When the ancient Polynesians invented surfing, they often used a paddle to help them navigate. Fast-forward a few millennia, and Stand-Up Paddleboarding, or SUP, finds itself trendy again. Part of its increasing popularity is that standing upright allows surfers to spot waves more easily and thus catch more of them, multiplying the fun factor. Paddling back to the wave becomes less of a strain as well. The ability to cruise along on flat inland water, surveying the sights, is another advantage. Finally, its a good core workout. If youre sold on the idea, schedule an intro SUP lesson, free with board and paddle rental, and you may find yourself riding the waves like a Polynesian king.More
In the past 30 years, light artists have reimagined an art form that has always had the ability to turn the night sky, or a simple window, into luminescence. Last fall, the Yerba Buena Center for the Arts turned its southern glass wall into a parade of sound-sensing lights, Lightswarm, that changes with the movements of nearby people and things. Future Cities Lab, the San Francisco design company behind Lightswarm, has originated another notable light sculpture. Located by the YBCA's steps at 701 Mission, Murmur Wall will light up in arresting ways as it incorporates local trending search engine results and social media postings. Onlookers can offer their own contributions, which will feed into the Murmur Wall's data stream and light up the sculpture. What's trending in San Francisco? If you're walking by the YBCA, you can see firsthand — at least through light patterns that reflect the city's volatile internet habits.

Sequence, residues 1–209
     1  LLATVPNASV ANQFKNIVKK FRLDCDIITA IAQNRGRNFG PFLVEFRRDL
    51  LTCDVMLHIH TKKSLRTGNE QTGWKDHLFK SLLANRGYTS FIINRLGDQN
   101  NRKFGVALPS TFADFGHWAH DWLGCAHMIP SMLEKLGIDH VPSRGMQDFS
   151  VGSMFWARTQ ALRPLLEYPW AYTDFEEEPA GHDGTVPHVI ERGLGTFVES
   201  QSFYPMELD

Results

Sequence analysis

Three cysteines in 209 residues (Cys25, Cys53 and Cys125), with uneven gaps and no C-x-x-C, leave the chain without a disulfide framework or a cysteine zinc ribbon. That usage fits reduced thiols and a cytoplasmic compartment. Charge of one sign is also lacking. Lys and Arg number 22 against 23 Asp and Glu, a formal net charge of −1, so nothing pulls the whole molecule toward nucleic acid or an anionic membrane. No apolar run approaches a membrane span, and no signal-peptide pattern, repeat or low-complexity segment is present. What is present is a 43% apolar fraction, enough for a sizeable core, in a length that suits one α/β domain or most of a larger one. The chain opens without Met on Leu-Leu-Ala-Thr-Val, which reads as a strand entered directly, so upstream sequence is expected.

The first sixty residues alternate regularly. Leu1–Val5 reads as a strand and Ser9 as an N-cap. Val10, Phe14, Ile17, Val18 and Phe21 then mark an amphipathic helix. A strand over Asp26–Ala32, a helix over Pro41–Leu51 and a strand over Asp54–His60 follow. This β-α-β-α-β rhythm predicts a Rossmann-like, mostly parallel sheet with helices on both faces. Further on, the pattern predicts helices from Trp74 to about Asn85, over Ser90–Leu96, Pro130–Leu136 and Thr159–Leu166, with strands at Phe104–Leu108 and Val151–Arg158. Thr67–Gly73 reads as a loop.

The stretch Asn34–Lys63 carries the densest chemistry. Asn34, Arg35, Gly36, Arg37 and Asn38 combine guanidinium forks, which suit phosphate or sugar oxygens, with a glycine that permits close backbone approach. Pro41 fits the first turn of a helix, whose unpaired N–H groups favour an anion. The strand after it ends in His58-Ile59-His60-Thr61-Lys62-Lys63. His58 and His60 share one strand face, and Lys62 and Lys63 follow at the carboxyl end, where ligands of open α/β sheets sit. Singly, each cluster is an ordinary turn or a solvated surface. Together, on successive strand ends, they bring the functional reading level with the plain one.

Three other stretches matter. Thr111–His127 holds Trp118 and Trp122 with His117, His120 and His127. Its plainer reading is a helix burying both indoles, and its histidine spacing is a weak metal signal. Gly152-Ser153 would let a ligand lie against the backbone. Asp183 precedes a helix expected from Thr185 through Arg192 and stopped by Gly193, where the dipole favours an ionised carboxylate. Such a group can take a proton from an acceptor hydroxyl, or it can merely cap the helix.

Murmur Wall debuts Thursday at 6 p.m. and continues through May 31, 2017, at Yerba Buena Center for the Arts, 701 Mission St., S.F. Free; 415-978-2700 or ybca.org. More
Join us on Thursday, July 28th 2016 as we welcome Executive Chef Sharon Nahm of E&O Kitchen and Bar to our Guest Chef Series for a night of Asian inspired Spanish plates.
Five-Course Prix Fixe Menu - $49
-Gazpacho of Korean Melon, Cucumber, Spanish Olive Oil with Sizzling Rice
-Croquetas of Sweet Corn and Potato with Black Garlic Aioli
- Almejas (Clams) with Chinese Sausage, Chorizo, Garlic, Thai
- Basil, Rau Ram and Cilantro with Grilled Bread
- Curry Marinated Lamb Pinchos (skewers) with Tomato Chutney Romesco
- Lemongrass and Vanilla Bean
Arroz con Leche with Poached PeachesMore
@ The Overlook Lounge, 344 20th St, Oakland, CA 94612
Summer is in full swing and we are excited to announce the Grand Opening of our new BAR & GRILL on the terrace. We have an exciting lineup of local food artisans from Port Kitchens, Kitchener Oakland and other local talent that are cooking up some tasty treats for you to enjoy. We will be serving a wide selection of beer & wine from local producers, don’t miss out!
Check out of the link provided for a list of all the food vendors,DJs, and directions to The Overlook Lounge.More
Imagine a white San Francisco so racist that it would become internationally famous in 1906 for taking Japanese schoolchildren out of regular schools and putting them in segregated schools (with Chinese and Korean kids, at the request of the horrid Asiatic Exclusion League), just kinda because. It's not the kind of thing anyone thinks about for fun, granted. Better think about it anyway, or the Tea Partiers win. Sugako Hashida's recent film 99 Years of Love, starring Kenichi Matsuyama and Tsuyoshi Kusanagi, takes on the Japanese-American experience, Issei- and Nisei-wise from a Japanese perspective. What must they think of us over there!? Especially here in San Francisco, where Japanese-Americans have been worked to death, lied about, prevented from owning land, all of the above even before the World War II internment insanity for which the government apologized only in 1988. The film's five episodes contain all that and more as they follow one family from immigration to WWII; they begin (diegetically) and end (chronologically) at a Seattle Mariners' baseball game in 2010, with Ichiro Suzuki holding the screaming crowd in the palm of his talented hand.
April 16-20, 10:30 a.m., 2011